Governor defends push to reach 70% vaccination rate before ending restrictions
HONOLULU (HawaiiNewsNow) - Gov. David Ige on Thursday defended his plan to end all COVID restrictions when Hawaii reaches a vaccination rate of 70%, saying the goal is doable.
In fact, he thinks Hawaii can reach the benchmark by the end of summer ― optimism shared by a number of Hawaii experts.
“I do think we are on track,” said Ige. “We are making good progress.”
Under a plan he outlined last week, all COVID restrictions in Hawaii would essentially end when the state reaches 70%.
So no more indoor mask mandate, no more travel restrictions and no more capacity limits.
“We are hoping that gets back to normal. Restaurants can reopen at full capacity and we can begin school activities back to pre-pandemic levels,” he said.
Would dropping all restrictions be safe?
“We do believe that it would be safe,” said Ige. “We will continue to monitor the new cases that we see. We are very concerned about the variant.”
Ige also said that if there are outbreaks and the health care industry is threatened, he would tighten restrictions again regardless of the vaccination rate.
“So far we’ve seen that all the variants are still controlled by the vaccinations that we are offering,” he said. “So that’s great news, but we also know elsewhere in the US and around the world the vaccination rates are not as high as they are here.”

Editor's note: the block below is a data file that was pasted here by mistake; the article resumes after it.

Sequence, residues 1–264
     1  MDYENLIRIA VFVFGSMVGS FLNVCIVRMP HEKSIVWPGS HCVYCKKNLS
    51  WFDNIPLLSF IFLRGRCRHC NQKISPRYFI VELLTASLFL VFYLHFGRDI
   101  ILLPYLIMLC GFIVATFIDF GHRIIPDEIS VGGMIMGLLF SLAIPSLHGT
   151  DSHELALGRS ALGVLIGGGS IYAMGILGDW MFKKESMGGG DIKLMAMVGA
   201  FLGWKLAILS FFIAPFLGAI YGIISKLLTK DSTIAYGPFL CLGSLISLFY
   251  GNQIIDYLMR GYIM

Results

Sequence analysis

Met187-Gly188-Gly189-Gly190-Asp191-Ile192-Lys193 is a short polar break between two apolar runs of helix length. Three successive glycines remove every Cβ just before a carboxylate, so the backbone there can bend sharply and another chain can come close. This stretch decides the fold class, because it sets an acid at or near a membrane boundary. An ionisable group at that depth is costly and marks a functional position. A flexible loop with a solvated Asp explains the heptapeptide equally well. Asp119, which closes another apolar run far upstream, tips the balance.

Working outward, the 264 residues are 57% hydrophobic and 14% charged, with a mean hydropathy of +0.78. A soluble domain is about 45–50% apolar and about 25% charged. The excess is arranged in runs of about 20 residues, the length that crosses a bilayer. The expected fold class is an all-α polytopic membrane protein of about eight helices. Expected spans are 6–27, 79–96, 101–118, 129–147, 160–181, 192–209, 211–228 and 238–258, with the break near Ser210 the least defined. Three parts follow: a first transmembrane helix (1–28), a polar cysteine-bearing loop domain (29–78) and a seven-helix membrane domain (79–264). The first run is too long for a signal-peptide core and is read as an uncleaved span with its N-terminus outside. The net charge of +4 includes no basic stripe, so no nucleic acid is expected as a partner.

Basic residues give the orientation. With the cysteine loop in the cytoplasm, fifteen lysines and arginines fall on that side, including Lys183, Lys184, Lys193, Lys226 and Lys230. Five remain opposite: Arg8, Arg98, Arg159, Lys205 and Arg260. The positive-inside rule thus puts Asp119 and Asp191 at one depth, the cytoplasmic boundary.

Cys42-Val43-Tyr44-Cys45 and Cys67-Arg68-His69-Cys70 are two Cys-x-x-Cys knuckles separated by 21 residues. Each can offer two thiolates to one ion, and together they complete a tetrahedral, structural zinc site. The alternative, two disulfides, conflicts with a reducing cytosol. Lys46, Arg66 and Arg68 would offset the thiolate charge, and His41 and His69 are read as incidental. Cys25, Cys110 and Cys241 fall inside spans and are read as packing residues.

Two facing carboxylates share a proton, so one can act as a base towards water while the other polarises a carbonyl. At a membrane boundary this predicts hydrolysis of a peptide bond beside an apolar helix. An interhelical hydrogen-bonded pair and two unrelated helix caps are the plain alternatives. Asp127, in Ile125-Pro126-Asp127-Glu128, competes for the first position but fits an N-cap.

About 766,000 or 54% of the state’s more than 1.4 million-plus residents are fully vaccinated.
Another 229,000 residents need all their shots to reach the goal. One challenge: About 15% of the population is under 12 years old and not yet eligible to be vaccinated.
Despite the challenges, Ige said outreach, new incentives, and community partnerships are helping.
President Biden set a goal of 70% of American adults having at least one shot by July Fourth. While the U.S. is unlikely to meet that goal, Ige says Hawaii is on track.
“I think we will be able to make it here in the state of Hawaii,” he said.
The state’s epidemiologist has said reaching herd immunity is not about one specific number, but Ige says the benchmarks were created to give the community a tangible goal.
“It does follow the science but public health is about trying to balance the science with some sense of practicality,” said Ige.
“The state epidemiologist, they were a little concerned about setting benchmarks. The science says it’s not that cut and dry.”
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